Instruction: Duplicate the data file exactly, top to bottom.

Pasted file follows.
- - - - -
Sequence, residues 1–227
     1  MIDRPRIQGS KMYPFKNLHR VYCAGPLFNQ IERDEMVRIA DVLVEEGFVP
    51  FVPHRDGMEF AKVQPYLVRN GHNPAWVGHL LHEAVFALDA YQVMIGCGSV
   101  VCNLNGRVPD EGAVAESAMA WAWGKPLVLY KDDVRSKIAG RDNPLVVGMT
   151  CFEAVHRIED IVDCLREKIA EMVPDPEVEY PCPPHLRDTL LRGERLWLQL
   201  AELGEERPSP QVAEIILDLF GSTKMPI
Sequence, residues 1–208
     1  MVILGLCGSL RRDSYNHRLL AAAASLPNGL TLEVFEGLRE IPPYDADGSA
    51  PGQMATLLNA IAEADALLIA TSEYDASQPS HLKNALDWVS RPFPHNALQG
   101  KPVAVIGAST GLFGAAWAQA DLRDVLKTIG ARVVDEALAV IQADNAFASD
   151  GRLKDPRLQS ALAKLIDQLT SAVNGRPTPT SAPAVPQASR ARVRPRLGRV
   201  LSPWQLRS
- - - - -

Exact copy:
Sequence, residues 1–227
     1  MIDRPRIQGS KMYPFKNLHR VYCAGPLFNQ IERDEMVRIA DVLVEEGFVP
    51  FVPHRDGMEF AKVQPYLVRN GHNPAWVGHL LHEAVFALDA YQVMIGCGSV
   101  VCNLNGRVPD EGAVAESAMA WAWGKPLVLY KDDVRSKIAG RDNPLVVGMT
   151  CFEAVHRIED IVDCLREKIA EMVPDPEVEY PCPPHLRDTL LRGERLWLQL
   201  AELGEERPSP QVAEIILDLF GSTKMPI
Sequence, residues 1–208
     1  MVILGLCGSL RRDSYNHRLL AAAASLPNGL TLEVFEGLRE IPPYDADGSA
    51  PGQMATLLNA IAEADALLIA TSEYDASQPS HLKNALDWVS RPFPHNALQG
   101  KPVAVIGAST GLFGAAWAQA DLRDVLKTIG ARVVDEALAV IQADNAFASD
   151  GRLKDPRLQS ALAKLIDQLT SAVNGRPTPT SAPAVPQASR ARVRPRLGRV
   201  LSPWQLRS